The Dead Zone: The Final (Sixth) Season (Lionsgate DVD)
B- Sound: B- Extras: C Episodes: C
The Dead Zone was a successful 1979
Stephen King novel and shortly after was adapted into a wonderful 1983 film (reviewed
elsewhere on this site) starring Christopher Walken in the lead role of Johnny
Smith. In 2002 (almost 20 years after
the original film) The Dead Zone
reemerged as a new series on the USA
Network. The book/film’s original
concept was updated a tad and now cast Michael Anthony Hall of 80’s ‘Brat Pack’
fame into the role of Johnny Smith. The
series in no way has ever been as edgy or dark as the film or novel and in many
ways that hurt the overall impact the series had. Even with its short comings in the ‘risk department’
The Dead Zone lasted five solid
seasons before taking a 2 year hiatus; whether this was due to poor ratings,
funding, or storyline fatigue is still unknown to this reviewer, but it does
seem that the series came back with much more spring in its step.
of the television series does no deviate too much from Stephen King’s original
novel, still using the device that Johnny Smith is a small town school teacher
who after a tragic car accident is left comatose for five years. Upon wakening Johnny has the odd ability to
use the ‘Dead Zone’ in his brain to see past and future events just by touching
an object and/or person. The television
series is not quite as dramatic as the novel or film, leaving out many of
Johnny’s health issues and slightly skews the love story that King wrote
between Johnny and his ex-fiancé Sarah.
In the television series Sarah gave birth to Johnny’s child (son) while
he was in the coma and then remarried.
Johnny still uses his powers to solve crimes, but in the series Sarah,
Walt (Sarah’s husband), and Johnny’s physical therapist Bruce all assist in the
crime solving. Somewhat like the
original novel, Johnny always has a lingering feeling about the unusual
Congressional candidate Greg Stillson and follows the man’s career closely as
Johnny senses apocalyptic events surrounding his actions.
reviewer never felt the series was amazing, mainly due to it lacking the
necessary dark quality a Stephen King adaptation deserves, but Anthony Michael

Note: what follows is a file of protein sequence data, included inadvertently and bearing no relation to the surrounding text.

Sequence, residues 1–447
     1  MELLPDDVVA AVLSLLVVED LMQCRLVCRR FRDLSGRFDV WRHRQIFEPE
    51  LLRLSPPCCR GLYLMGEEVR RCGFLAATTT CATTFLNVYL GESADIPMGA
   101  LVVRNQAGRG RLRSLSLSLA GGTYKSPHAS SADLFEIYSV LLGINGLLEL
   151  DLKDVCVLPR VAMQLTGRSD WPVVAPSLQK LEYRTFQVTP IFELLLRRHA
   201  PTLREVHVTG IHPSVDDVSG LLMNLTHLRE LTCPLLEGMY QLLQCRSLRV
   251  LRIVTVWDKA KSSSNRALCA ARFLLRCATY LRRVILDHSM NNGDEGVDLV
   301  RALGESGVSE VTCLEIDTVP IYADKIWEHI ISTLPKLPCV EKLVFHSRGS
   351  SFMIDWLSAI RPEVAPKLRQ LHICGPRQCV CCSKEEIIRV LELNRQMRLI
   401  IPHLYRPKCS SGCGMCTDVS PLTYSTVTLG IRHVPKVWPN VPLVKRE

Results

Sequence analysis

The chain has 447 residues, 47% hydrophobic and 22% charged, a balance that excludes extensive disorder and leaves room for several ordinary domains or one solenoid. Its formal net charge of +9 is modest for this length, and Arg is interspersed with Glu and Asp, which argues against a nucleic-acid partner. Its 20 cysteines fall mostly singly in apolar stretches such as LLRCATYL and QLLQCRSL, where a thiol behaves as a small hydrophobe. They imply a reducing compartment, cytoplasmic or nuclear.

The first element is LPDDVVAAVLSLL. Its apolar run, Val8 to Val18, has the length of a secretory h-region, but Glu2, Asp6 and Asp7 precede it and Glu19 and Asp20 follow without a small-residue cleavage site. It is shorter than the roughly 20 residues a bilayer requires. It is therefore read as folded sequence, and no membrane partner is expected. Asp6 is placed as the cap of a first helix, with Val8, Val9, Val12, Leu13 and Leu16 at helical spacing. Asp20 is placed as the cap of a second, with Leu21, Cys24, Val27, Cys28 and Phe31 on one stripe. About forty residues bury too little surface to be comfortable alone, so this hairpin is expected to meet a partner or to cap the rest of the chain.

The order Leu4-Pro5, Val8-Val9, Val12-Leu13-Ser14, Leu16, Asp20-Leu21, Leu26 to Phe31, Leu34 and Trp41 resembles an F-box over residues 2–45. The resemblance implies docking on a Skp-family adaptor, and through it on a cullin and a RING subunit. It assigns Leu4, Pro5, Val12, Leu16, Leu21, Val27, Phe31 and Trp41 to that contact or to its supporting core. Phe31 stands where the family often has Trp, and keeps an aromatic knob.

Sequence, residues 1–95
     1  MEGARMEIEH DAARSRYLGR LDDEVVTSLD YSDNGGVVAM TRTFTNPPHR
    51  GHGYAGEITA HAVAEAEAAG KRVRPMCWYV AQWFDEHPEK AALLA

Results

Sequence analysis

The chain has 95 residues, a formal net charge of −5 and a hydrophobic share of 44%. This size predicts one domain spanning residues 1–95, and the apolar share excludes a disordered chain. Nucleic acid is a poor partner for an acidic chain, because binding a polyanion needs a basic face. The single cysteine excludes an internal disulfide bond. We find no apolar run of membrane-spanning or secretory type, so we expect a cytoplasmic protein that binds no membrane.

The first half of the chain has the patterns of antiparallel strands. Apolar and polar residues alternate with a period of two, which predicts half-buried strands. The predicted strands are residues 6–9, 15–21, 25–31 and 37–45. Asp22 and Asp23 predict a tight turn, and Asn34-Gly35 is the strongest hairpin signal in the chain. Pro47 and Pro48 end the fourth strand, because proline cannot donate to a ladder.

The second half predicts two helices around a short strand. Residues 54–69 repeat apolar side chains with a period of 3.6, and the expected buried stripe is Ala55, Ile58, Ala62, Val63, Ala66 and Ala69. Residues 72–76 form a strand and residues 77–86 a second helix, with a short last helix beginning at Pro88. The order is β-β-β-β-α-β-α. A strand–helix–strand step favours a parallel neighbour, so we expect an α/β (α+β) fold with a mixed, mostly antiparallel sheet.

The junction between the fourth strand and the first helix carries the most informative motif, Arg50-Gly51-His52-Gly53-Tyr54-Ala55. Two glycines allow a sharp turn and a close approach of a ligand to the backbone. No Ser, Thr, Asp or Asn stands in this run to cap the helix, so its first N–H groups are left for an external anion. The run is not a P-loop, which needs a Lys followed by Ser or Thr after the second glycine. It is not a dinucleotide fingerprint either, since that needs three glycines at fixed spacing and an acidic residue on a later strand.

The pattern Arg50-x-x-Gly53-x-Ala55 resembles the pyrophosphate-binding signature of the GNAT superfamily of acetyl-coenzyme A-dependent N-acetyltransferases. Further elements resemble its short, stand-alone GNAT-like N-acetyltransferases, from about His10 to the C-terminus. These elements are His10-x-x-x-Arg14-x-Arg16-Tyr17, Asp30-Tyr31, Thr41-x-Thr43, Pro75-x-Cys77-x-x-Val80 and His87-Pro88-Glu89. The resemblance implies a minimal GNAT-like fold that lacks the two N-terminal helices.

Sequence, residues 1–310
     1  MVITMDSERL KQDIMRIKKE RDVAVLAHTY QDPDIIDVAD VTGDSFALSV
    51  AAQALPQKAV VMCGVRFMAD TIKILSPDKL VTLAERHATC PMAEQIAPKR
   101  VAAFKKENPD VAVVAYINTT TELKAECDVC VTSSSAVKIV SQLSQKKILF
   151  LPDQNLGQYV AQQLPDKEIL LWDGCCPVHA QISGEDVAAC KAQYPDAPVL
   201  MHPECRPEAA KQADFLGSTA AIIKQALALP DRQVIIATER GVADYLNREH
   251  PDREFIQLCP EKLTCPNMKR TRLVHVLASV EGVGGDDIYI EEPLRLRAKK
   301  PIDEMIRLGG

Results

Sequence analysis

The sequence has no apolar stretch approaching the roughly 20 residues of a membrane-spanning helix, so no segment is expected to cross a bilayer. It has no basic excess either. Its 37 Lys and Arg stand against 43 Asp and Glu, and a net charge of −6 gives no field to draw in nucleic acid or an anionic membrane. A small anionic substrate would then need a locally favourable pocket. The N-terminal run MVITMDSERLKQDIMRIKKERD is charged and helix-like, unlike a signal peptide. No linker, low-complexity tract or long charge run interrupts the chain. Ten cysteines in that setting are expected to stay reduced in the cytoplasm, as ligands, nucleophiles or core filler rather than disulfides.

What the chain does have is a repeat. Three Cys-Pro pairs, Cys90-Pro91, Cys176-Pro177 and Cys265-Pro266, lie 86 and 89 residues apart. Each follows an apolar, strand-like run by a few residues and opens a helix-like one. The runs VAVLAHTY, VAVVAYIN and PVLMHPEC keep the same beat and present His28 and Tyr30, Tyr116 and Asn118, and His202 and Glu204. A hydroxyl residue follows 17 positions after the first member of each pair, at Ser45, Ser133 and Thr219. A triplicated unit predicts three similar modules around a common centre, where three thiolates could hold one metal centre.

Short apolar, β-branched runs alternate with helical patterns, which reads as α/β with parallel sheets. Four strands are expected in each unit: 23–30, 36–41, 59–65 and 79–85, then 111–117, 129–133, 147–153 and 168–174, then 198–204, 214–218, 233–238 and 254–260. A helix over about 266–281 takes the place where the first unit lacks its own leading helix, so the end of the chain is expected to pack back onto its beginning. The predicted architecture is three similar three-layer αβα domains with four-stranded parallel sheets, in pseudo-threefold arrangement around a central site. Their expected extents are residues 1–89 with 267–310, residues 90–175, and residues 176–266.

Hall and his supporting cast does a good job with the somewhat interesting
scripts they were given. The Sixth and Final Season of The Dead Zone, does change the entire
series around and in some ways may have been a tip of the hat to fans before
the series went under. The Sixth Season has much more action,
thrills, suspense, and paranormal activity then was ever seen in Season Five and starts to finally get a
little more of that edge that the series needed injected into it. This reviewer thinks it was a good way to end
the series, but a few more plot holes still exist that should have been cleared
up (be warned).
technical features on this set aren’t dead, but they aren’t very lively
either. The picture is once again
presented in a 1.78 X 1 Anamorphically Enhanced Widescreen that has good
colors, but could be more crisp for an HD filming and needs some work in the
light/dark department. The picture felt
very ‘blah.’ The sound is once again
presented in a Dolby Digital 5.1 mix that ‘pop’ nicely with all of the
paranormal action that Season Six
brings to the table.
special features should have been better for a final season presentation and
only offer fans two on the set featurettes and audio commentaries on four of
the episodes. The commentaries are just
ok and the ‘on the set’ features are easily forgettable.
end, The Dead Zone wrapped up its
six season stint quite well and fans will be sad to see the series go, but
looking to the future this reviewer thinks this is not the last we have seen of
The Dead Zone.
- Michael P. Dougherty II